Unlike many other artists who have played the Super Bowl, Paul McCartney’s setlist wasn’t full of medleys, and his stage was relatively modest when compared to other years (no trap doors and ancient temples for this legend). Instead, Macca went out and played a short, standard set of Beatles and Wings hits, and the result was as explosive as one would expect. “Drive My Car” and “Get Back” saw McCartney begin an aggressive move up the field, but the eruption of fireworks during the climax of “Live and Let Die” was the move that nabbed the cute Beatle the winning touchdown. Closing up the proceedings with possibly the greatest singalong ever, “Hey Jude” was the field goal that cemented McCartney’s name as one of halftime’s true elite. -Joe Marvilli

Prince – Super Bowl XLI

Soaked in rain may have been the only way the nearly 75,000 sports fans at Super Bowl XLI should have experienced the halftime show, because what the Purple Yoda delivered was nothing short of a full-on baptism. As if watching him barrel through “We Will Rock You”, “Let’s Go Crazy”, and CCR’s “Proud Mary” wasn’t enough, Prince brought it down with “All Along the Watchtower” and a truly epic guitar solo on set closer “Purple Rain”, complete with a glowing marching band (courtesy of FAMU) and what seemed like a full-stadium sing-along. Did we mention that he did it wearing the silliest head wrap ever? -Ray Roa

Bruce Springsteen – Super Bowl XLIII

Forget eagles and apple pies; the Super Bowl is truly one of the most American institutions around. You know what’s even more American than sanctioned violence and multi-million dollar sponsorship deals, though? Bruce Springsteen. So, when The Boss took the field for Super Bowl XLIII’s halftime, he wasn’t just entertaining a crowd of sports enthusiasts; he was changing the halftime experience forever. He was a rocker, a rouser of spirits, an acrobat (peep his climb atop the piano), and so much more. From the opening chords of “10th Avenue Freeze-Out” to “Born To Run” and on into the ecstasy of “Glory Days”, Springsteen and his E Street Band picked up the religion of football and made those at home his followers, even for just 12 minutes. All hail The Boss. -Chris Coplan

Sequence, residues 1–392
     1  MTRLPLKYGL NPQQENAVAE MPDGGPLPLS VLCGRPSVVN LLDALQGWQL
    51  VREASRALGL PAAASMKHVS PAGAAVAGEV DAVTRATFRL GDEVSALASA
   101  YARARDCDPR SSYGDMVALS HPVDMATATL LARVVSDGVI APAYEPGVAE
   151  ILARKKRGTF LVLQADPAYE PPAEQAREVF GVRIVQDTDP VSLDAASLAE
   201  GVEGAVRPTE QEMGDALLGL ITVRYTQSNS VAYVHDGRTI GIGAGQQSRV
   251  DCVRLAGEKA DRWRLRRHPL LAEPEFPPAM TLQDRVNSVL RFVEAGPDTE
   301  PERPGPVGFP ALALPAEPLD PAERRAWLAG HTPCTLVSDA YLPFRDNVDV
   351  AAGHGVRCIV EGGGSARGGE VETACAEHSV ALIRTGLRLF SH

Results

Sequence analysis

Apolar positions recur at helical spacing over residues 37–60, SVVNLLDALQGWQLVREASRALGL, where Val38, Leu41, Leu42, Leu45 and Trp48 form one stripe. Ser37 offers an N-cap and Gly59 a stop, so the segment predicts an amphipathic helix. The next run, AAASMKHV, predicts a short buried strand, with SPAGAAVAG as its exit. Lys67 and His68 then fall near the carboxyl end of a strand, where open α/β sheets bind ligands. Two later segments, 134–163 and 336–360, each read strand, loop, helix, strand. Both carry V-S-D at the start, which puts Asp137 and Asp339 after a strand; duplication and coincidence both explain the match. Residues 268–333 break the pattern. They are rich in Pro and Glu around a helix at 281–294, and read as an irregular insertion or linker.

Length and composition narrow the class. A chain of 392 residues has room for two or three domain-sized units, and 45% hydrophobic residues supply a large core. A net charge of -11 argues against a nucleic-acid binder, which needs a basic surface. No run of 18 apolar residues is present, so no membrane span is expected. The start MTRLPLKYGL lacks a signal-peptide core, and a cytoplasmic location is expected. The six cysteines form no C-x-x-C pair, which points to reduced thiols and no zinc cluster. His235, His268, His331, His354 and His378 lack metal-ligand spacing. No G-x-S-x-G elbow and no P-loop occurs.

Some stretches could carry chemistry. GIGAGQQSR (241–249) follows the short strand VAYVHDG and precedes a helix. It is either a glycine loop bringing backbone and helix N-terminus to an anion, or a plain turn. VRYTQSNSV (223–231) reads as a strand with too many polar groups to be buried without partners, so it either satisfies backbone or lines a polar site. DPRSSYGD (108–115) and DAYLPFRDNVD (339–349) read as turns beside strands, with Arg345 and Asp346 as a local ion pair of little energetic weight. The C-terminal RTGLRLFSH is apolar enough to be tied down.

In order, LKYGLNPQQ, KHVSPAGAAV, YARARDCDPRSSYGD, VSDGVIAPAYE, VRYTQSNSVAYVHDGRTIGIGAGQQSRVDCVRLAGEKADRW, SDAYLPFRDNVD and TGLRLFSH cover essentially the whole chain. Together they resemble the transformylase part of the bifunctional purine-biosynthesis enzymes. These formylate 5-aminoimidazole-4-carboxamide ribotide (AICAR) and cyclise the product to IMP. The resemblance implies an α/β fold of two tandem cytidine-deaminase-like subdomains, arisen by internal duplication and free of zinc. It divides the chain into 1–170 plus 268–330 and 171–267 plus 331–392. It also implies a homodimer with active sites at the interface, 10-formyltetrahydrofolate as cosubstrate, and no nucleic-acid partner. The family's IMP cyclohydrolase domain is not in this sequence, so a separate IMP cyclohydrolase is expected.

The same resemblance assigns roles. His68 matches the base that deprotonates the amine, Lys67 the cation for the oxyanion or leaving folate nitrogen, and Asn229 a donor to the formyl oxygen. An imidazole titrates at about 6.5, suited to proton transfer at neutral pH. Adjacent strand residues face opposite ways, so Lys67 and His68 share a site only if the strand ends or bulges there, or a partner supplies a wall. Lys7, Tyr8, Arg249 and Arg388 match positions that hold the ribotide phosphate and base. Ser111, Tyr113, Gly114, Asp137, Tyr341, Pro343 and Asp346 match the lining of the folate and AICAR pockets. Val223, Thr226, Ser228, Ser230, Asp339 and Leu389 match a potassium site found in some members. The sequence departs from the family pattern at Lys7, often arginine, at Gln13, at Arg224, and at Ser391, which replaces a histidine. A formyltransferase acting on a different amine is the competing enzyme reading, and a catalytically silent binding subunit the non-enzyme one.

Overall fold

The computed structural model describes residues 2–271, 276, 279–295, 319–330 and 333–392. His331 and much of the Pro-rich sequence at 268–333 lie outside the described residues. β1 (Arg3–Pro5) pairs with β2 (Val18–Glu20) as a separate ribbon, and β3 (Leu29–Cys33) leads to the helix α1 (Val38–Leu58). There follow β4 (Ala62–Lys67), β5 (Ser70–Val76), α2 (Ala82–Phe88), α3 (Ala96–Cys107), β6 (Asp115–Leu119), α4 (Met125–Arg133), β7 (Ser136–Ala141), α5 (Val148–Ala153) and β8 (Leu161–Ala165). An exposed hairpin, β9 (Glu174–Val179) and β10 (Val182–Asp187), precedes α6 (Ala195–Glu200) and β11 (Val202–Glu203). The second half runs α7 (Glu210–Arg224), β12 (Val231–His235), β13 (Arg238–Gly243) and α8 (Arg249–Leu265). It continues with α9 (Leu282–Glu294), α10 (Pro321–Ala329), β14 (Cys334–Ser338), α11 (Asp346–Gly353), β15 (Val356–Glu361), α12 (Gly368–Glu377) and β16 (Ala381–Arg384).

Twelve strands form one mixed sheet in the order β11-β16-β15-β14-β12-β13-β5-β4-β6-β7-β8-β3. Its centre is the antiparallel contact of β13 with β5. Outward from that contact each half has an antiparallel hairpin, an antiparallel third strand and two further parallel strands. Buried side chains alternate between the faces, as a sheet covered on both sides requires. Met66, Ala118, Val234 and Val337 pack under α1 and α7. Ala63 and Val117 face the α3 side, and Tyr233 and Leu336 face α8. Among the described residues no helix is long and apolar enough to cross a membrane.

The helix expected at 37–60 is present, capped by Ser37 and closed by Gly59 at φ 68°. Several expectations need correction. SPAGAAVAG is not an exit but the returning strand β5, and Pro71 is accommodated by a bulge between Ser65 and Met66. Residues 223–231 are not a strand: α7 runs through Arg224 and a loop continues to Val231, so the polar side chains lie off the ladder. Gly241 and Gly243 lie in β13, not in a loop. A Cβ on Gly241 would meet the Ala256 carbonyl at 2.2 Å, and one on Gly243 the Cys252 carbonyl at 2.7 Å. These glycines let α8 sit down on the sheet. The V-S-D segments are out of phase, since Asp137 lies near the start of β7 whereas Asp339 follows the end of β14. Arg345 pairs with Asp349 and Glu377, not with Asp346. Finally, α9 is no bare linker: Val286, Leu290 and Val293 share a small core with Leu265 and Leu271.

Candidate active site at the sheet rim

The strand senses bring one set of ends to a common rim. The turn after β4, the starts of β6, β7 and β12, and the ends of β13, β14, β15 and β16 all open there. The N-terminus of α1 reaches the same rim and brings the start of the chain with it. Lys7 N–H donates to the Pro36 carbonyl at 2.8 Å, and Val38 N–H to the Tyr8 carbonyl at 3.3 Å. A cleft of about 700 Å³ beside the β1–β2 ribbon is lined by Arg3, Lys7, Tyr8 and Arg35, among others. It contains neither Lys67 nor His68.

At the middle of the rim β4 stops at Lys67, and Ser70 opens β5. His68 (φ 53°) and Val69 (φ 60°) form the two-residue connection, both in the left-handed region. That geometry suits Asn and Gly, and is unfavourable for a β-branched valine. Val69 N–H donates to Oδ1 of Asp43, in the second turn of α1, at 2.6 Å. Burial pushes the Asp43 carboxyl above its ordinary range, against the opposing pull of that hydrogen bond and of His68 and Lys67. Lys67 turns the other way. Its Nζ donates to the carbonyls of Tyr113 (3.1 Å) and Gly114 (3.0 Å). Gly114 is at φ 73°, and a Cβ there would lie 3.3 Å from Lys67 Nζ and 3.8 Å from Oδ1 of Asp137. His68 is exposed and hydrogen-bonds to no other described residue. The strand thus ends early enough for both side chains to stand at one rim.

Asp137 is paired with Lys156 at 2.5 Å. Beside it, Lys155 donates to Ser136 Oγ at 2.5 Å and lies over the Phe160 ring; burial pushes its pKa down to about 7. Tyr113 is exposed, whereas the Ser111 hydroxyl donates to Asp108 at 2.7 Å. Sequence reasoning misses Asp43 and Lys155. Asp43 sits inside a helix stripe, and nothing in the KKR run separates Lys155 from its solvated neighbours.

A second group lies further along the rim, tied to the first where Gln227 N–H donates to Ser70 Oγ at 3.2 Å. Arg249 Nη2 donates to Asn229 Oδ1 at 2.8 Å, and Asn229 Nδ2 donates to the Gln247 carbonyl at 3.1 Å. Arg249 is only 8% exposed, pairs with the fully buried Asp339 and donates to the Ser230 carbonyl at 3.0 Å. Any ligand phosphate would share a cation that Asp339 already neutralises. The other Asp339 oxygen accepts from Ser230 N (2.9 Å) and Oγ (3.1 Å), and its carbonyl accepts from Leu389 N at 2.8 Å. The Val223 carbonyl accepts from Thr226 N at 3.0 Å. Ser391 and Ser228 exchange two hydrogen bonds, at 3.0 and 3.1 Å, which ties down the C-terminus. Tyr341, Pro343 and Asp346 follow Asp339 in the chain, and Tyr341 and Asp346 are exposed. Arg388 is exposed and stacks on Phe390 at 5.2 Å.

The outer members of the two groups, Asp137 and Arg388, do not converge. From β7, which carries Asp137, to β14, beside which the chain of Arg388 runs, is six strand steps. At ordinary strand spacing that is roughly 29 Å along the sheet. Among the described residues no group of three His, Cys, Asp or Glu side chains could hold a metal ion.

The Worst

Magic Show – Super Bowl XXIII

So, this is an interactive magic show hosted by a character named Elvis Presto featuring music “from the 50’s!” like Mitch Ryder or The Stray Cats. Yup. Then, add hundreds of dancers who don’t really seem to be on the same page at all, several odd high school A/V club cutaways, and a poorly executed crowd-participation magic trick that confuses the living shit out of every person watching and participating. Oh, and the whole thing was in 3-D. Thanks, 1989! -Jeremy Larson

New Kids On The Block & Disney Characters – Super Bowl XXV